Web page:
In our case, the stock was sitting at support, which was coincidentally a round number. Our technical analysis told us that there was resistance at $72.50, so the idea was to sell the $72.50 strike price because most likely, the price will not puncture through that $72.50 zone. Different option strike price levels are listed in the figure below.
Starting from the bottom up, the 65 strike price was selected because it is deep in the money (ITM) and has an intrinsic value of five points, since currently the stock is trading at $70. The $67.50 strike is also ITM, but not as deep as the $65.
The $70 is both the support, and also, intrinsically speaking, at the money (ATM). The $72.50 is out of the money (OTM) and it is the level of resistance that we want to use.
Hence, the vertical spread can be built in the following way. The first step involves buying the 65 call, and the second step is selling the 72.50 call. In Figure 3, for buying, we use the term “plus one BTO” (buy to open), and for selling, “minus one STO” (sell to open) call.
Let me explain the premium first. The OTM premium will be the smallest, while the ITM will be the highest. The ATM will be in between those extremes.
For instance, our long 65 call costs $8, while the short 72.50 brings in $4 premium. When the money ($4.00) that we take in by selling the OTM option is subtracted from the money that is paid out ($8.00) for the ITM call, that leaves a $4.00 debit. By selling the OTM option, the trader has received a discount in the amount of the premium sold.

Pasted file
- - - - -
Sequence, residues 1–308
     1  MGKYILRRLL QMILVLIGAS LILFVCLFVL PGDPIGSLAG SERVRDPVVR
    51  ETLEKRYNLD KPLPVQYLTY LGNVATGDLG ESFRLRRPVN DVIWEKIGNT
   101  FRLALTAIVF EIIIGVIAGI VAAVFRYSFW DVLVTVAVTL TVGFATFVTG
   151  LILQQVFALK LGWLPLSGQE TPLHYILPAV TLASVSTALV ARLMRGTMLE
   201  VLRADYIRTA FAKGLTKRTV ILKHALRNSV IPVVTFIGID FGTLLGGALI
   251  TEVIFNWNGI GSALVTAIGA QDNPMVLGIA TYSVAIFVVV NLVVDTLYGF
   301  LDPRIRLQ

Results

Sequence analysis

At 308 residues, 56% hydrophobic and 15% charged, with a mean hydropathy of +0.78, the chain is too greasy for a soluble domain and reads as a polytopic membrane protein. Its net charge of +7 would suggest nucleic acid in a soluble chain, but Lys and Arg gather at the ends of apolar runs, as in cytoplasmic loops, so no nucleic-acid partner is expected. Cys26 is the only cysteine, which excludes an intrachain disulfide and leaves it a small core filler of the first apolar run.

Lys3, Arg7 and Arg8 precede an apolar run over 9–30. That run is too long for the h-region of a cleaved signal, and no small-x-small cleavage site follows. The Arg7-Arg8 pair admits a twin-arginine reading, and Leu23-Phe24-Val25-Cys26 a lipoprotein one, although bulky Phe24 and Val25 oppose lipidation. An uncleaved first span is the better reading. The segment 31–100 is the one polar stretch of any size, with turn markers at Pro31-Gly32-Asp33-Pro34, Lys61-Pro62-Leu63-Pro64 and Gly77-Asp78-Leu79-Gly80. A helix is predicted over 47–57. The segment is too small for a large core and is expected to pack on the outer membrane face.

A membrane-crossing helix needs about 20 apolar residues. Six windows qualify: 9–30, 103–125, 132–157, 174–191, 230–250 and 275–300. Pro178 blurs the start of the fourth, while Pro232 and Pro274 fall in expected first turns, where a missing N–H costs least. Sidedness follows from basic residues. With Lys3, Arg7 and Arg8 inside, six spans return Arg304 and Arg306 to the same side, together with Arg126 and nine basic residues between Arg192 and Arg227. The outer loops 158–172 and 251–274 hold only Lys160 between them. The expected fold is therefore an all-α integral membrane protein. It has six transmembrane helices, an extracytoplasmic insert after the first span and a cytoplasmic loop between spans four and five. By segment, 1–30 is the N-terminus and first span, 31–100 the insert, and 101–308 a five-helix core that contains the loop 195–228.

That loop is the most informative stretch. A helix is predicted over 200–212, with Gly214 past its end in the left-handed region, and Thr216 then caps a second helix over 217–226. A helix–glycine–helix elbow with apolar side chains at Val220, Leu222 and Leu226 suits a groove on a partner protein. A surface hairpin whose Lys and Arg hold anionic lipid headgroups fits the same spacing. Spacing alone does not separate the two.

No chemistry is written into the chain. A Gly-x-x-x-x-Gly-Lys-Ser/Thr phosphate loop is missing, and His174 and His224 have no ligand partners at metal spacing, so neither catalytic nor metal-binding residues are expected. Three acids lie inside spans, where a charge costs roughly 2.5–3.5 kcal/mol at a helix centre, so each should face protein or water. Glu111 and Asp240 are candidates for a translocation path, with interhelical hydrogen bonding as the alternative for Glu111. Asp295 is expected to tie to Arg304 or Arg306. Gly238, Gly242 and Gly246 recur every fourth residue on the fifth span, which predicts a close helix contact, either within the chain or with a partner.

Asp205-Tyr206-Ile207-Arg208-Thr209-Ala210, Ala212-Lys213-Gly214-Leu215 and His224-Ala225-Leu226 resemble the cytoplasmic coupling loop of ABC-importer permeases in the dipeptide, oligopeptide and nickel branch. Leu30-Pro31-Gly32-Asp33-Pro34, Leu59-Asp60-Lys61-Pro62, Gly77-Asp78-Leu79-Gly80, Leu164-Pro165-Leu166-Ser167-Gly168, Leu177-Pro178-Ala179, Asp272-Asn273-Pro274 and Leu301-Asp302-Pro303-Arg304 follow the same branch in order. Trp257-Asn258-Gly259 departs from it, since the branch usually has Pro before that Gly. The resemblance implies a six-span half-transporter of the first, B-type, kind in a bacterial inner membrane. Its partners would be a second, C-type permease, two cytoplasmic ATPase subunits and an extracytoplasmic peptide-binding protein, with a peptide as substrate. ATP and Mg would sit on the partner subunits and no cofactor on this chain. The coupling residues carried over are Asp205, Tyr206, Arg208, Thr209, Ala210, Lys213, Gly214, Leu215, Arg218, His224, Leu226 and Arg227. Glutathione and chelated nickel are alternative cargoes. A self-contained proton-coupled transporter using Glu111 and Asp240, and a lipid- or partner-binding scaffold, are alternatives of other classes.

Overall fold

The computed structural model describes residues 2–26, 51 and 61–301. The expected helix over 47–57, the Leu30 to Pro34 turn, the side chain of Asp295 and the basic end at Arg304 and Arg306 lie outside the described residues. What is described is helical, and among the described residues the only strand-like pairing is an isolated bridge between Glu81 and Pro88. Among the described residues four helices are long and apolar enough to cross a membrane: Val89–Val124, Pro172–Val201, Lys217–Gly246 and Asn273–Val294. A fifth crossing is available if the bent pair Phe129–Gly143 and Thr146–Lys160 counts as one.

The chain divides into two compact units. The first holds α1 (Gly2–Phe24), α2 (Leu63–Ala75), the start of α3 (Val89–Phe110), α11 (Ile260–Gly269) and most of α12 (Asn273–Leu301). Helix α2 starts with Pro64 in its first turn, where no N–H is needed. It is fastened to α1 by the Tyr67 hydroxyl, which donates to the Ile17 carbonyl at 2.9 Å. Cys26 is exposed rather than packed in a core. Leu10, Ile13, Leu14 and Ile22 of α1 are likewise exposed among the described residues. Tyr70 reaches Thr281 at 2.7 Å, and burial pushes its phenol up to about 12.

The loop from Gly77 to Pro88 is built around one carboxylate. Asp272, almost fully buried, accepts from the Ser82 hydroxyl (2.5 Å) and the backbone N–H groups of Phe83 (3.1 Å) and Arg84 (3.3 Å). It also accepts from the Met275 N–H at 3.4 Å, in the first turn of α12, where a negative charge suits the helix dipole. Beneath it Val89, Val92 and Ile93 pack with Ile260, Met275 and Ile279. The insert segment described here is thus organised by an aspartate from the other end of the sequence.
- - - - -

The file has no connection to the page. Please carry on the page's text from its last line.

Another way to examine what the spread is composed of is listed in Figure 4.
NEXT: Part Three: Comparing the Two Breakeven Points|pagebreak|
Part Three: Comparing the Two Breakeven Points
Finally, let us now compare the breakeven point (BEP) of these two trades by assuming that at expiry, the underlying has not done anything and is still sitting at $70.
The single-legged call's BEP is the $65 strike price plus the premium paid ($8), equaling $73. At expiry, the call would lose three dollars in value, which is exactly those three points of fluff.
In the case of the spread trade, the BEP is the sold 65 strike price and the debit paid, which brings it to $65 + $4 = $69, meaning that the spread was profitable. The sold 72.50 call expires worthless because the underlying is at $70, while the 65 has an intrinsic value of 5 points.
So there you go. In the case of the spread, the underlying did not even have to move, while in the case of the plain vanilla call, the moment we bought it, the time decay started killing us.
Generally, it is wiser to place a debit spread instead of a plain vanilla long call. On single-legged options, time decay works against us, and on a spread, that same time decay is somewhat neutralized.
However, the max profit is capped on the vertical debit spread. Had we had complete certainty that the moment we bought a long call, the underlying would drastically move, then we would not need to sell anything above.
Due to the fact that we are actually dealing with probabilities when trading, and not certainties, then spread trading is the way to go.
By Josip Causic, instructor, Online Trading Academy